It appears that the Big Apple is bursting at the seams.
New York City is severely overcrowded, and it’s only getting worse, according to a report released on Monday by city Comptroller Scott Stringer.
Nearly 1.5 million residents lived in a crowded or severely crowded dwelling in 2013, and more than one in 12 dwellings in New York City – a total of 272,533 homes – are crowded, according to Stringer’s 14-page “Hidden Homes” analysis.
“New York City is in the midst of a protracted housing emergency,” the report indicated.
“Studies make it clear that crowding hurts the whole family,” Stringer noted. “It makes it harder for kids to learn and puts the entire family at a greater risk of homelessness. This new report shows that the problem of crowding is stubbornly increasing, with nearly 1.5 million New Yorkers now living in a crowded or severely crowded home. In response, the city must elevate crowding as a key housing priority to be addressed, while at the same time creating more affordable housing.”
Between 2005 and 2013, Stringer said, the citywide proportion of crowded dwellings increased by 16 percent. In Queens, the proportion of crowded dwellings increased by 12.5 percent—second only to Brooklyn, which saw a 28 percent jump during the same period.
The city’s crowding rate is more than two and a half times the national crowding rate of 3 percent, according to the report.
Historically crowding has most often been observed among low-income populations, and in immigrant households, “Hidden Homes” indicated.
Additionally, crowded dwellings are linked to negative health consequences, including the spread of infectious conditions and diseases, mental and psychological distress and asthma. Children in crowded housing situations have been found to experience negative effects on academic achievement and increases in behavioral problems which can trigger problems that persist into adulthood, according to the report.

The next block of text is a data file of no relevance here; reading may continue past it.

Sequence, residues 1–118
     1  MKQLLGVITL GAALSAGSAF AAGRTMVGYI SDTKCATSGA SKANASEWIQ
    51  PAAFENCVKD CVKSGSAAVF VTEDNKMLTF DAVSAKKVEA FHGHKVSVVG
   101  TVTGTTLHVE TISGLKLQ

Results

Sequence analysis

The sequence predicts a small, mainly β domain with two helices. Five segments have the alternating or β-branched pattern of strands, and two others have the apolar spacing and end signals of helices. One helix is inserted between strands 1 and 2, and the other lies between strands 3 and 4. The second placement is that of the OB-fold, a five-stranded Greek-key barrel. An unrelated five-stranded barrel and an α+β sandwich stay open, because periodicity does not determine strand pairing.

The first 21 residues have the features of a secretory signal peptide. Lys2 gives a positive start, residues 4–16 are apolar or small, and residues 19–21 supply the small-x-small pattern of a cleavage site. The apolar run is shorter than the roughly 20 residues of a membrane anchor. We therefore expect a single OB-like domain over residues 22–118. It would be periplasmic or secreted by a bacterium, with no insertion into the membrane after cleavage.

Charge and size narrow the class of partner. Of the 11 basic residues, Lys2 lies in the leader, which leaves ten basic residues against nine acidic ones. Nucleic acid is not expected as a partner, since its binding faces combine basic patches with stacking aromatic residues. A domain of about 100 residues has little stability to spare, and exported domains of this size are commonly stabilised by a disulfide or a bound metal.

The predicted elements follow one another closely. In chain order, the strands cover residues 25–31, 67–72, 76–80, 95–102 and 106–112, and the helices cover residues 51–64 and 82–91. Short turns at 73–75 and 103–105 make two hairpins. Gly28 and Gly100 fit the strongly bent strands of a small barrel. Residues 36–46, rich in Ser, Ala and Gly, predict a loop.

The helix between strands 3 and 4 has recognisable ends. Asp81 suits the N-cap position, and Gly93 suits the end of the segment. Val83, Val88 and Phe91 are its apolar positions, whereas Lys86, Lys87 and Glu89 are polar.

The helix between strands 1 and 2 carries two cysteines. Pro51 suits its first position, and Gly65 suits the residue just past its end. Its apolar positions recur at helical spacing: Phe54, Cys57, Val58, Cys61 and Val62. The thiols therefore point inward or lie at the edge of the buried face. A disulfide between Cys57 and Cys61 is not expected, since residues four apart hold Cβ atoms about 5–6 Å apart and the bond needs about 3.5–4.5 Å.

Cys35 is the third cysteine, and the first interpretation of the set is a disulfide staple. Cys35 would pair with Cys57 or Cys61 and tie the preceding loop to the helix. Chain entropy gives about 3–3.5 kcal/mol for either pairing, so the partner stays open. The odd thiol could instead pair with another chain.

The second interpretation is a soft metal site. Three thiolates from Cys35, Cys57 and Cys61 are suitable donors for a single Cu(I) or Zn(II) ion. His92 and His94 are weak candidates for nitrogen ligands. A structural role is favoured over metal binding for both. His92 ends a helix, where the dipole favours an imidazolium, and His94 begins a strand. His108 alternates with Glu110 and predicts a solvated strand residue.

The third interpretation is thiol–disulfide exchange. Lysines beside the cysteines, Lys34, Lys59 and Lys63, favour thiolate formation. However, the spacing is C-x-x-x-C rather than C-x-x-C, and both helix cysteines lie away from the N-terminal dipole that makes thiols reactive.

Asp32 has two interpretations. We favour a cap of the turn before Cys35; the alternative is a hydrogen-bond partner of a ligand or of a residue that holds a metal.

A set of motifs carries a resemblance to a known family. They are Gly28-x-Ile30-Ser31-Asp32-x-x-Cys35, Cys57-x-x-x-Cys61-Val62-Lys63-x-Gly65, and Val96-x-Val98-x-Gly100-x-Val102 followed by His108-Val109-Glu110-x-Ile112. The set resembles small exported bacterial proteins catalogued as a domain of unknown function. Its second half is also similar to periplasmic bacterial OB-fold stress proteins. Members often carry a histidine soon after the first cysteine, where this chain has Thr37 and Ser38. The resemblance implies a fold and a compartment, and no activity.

Crowding has also been linked to increased fire and safety hazards, sometimes due to illegally constructed room partitions that limit egress and impede the movement of firefighters in emergency situations.
Stringer’s office recommended that the city form a working group of housing, buildings, and public safety experts to devise a strategy to mitigate fire hazards that stem from overcrowding; that The Department of Health and Mental Hygiene consider increasing data collection as it relates to residents living in crowded housing, with an eye toward better understanding the public health risks of crowding; and that The Department of Homeless Services publicly release comprehensive data on applications for individuals seeking placement in city shelters so that policy makers can understand the extent to which crowing drives shelter applications.
“Crowding affects every New Yorker, throughout all five boroughs, and across every income level,” Stringer added. “And while we could all use a little more room to breathe, we must give special attention to those who are most at risk for the negative effects of crowding, including bad health, diminished economic opportunity, and increased risk of homelessness.”
By Michael V. Cusenza firstname.lastname@example.org